Set up local server using XAMPP

Last updated on
12 February 2018

XAMPP for Windows makes setting up a local test server on your computer relatively easy. As well as providing the WAMP stack (Windows, Apache, MySQL, and PHP) it includes both PHP versions 4.x and 5.x. It also includes PHPMyAdmin which is very useful for dealing with your MySQL databases.

The following instructions describe XAMPP configuration in some detail. A quickstart guide is also available.

(NOTE: XAMPP is only intended for use as a local test server which is available on your own computer. It has been created for ease-of-use, but not for production level security. If you want to tinker with security here is a guide about making XAMPP secure.)


The installation of XAMPP is very straightforward. Rather than repeat the installation instructions here, just follow the instructions on the XAMPP site. Instructions for setting up a XAMPP server with Drupal can be found on this page.

Once you have downloaded and installed the package you may like to do some further configuration...

Configuring XAMPP

Creating virtual hosts

If you do not want to keep your files in the xampp/htdocs directory and type in a long URL for every page load, you can create virtual hosts for each of your sites instead. For example, you may like to keep all your sites in your My Documents folder for easy backup. Or you could create a root directory on your hard drive such as C:/sites/example/ which will make using shell commands easier. Wherever you choose to store your sites, you can always easily move them at a later date.

With XAMPP you set up virtual hosts in the following file:


Open up that document in your text editor and append the following information to the bottom:


  DocumentRoot "C:/xampp/htdocs/"
  ServerName localhost

The above only needs to be added once and you don't need to change any details to the above.

The next step, however, needs to be carried out for each site. Copy the code below and add it to the bottom of the file.

<VirtualHost example.local>
  DocumentRoot "C:/path/to/your/site"
  ServerName example.local

  CustomLog "C:/path/to/your/site/logs/example.local.access.log" combined
  ErrorLog "C:/path/to/your/site/logs/example.local.error.log"

  <Directory "C:/path/to/your/site">
    Options Indexes FollowSymLinks
    AllowOverride All
    Order allow,deny
    Allow from all

You will need to make some alterations to your personal setup. Check that you have used only forward slashes.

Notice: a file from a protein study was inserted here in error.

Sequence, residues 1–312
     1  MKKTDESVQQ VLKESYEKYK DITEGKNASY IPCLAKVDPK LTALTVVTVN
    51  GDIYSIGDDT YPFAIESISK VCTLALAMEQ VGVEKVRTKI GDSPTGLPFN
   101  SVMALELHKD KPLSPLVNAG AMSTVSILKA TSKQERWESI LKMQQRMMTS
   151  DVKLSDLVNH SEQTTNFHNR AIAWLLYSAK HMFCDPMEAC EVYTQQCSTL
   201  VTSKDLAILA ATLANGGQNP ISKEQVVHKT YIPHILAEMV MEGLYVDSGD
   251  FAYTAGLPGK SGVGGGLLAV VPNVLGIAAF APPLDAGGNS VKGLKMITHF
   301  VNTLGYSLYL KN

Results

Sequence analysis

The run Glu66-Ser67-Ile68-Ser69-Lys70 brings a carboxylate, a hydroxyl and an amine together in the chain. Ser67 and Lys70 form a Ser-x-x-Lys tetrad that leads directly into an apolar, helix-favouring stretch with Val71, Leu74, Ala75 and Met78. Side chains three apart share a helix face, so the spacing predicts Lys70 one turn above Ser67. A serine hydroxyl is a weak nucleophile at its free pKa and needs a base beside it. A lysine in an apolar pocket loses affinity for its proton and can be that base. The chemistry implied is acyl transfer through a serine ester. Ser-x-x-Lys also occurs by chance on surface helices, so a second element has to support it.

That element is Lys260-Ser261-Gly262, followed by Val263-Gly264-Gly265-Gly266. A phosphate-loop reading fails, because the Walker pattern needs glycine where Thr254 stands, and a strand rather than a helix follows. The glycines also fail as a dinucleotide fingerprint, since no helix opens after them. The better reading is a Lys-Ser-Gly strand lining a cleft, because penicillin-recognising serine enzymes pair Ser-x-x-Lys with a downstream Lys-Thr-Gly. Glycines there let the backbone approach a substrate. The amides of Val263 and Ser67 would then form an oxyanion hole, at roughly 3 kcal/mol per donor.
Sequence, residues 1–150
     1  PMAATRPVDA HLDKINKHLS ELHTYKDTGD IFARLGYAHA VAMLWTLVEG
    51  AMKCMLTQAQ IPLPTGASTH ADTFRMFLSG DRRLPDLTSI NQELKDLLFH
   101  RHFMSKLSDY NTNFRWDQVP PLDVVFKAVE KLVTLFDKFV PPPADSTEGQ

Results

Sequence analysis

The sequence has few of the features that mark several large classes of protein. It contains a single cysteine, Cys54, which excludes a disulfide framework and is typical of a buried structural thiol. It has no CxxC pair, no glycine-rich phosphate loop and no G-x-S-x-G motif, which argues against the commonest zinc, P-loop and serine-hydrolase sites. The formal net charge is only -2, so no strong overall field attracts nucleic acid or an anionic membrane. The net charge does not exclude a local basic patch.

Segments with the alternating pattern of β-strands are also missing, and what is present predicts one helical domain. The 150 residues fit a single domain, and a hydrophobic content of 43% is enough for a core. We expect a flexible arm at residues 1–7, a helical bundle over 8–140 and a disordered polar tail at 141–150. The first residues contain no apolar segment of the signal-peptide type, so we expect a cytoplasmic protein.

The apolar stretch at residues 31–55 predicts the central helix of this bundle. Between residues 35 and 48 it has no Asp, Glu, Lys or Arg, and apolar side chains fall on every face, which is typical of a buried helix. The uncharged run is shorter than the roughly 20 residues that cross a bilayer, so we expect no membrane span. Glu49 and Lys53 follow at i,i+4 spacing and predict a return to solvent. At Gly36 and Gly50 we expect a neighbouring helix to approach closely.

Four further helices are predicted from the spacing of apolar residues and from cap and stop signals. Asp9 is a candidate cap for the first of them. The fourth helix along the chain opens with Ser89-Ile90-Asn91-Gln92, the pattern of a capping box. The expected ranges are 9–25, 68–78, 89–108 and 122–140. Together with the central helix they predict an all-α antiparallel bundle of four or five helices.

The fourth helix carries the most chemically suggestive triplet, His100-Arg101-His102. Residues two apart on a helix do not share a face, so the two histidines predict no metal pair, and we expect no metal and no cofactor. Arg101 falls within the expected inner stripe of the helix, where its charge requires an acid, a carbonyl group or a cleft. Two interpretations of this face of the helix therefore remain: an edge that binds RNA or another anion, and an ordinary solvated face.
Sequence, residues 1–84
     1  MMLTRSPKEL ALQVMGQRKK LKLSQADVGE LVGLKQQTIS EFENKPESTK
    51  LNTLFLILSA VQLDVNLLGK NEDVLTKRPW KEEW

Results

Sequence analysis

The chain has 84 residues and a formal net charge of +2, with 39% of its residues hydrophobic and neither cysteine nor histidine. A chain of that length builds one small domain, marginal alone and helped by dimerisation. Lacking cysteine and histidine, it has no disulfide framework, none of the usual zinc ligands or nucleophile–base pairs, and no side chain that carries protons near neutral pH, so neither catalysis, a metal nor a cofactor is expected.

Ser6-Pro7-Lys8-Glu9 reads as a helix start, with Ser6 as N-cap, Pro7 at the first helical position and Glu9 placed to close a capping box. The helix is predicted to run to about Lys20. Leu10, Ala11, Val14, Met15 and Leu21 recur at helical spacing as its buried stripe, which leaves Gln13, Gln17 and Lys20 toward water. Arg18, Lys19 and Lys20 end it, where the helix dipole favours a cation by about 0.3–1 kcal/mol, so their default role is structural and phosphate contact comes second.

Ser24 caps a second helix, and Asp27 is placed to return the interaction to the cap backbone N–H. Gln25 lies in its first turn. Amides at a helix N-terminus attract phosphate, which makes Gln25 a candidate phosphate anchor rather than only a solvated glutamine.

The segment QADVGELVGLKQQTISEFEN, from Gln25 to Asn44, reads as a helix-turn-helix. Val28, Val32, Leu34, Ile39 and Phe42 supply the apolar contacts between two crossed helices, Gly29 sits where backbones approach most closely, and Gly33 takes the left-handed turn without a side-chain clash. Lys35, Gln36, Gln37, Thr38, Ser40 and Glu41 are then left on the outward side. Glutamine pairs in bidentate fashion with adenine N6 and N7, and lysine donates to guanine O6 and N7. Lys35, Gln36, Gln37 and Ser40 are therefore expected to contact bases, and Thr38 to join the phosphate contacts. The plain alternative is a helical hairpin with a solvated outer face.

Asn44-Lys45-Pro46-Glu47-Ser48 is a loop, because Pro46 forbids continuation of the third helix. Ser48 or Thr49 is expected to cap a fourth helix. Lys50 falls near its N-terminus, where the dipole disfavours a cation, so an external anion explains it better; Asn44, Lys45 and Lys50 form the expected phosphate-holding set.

Where it says example.local put the URL you would like to type into your browser to find your site. You can call this what you like, but make sure it relates to the site you are creating and is not a real URL that you may like to access on the Internet otherwise you will get a namespace clash. Using the production site's URL but replacing .com or whatever with .local works well.

Where it says "C:/path/to/your/site" add the directory where your site is going to be stored on your local drive. Note that you should NOT include a slash on the end of the path. You can also set up a place to keep error and access logs for these sites. You will need to create the directory structure for these manually, but not the individual files (i.e. create the directory structure C:/path/to/your/site/logs but Apache will create the example.local.error.log file for you).

If you are using a portable installation of XAMPP, you may like to try adding this instead:

  DocumentRoot "/path/to/your/site"
  ServerName example.local

Finally, you must include the domain names in your Windows host file. This file can be found at:


open this file in your text editor and add: example.local

You can repeat this procedure for as many sites as you wish.

When you are done, restart Apache.

Clean URLs

You will also probably want to enable clean URLs. To do this in XAMPP, open up xampp\apache\conf\httpd.conf and find this line:

#LoadModule rewrite_module modules/

and uncomment it by deleting the hash (#) so that it reads:

LoadModule rewrite_module modules/
Restart Apache and test that clean URLs work on your site. If this doesn't work for some reason, follow the instructions on this handbook page.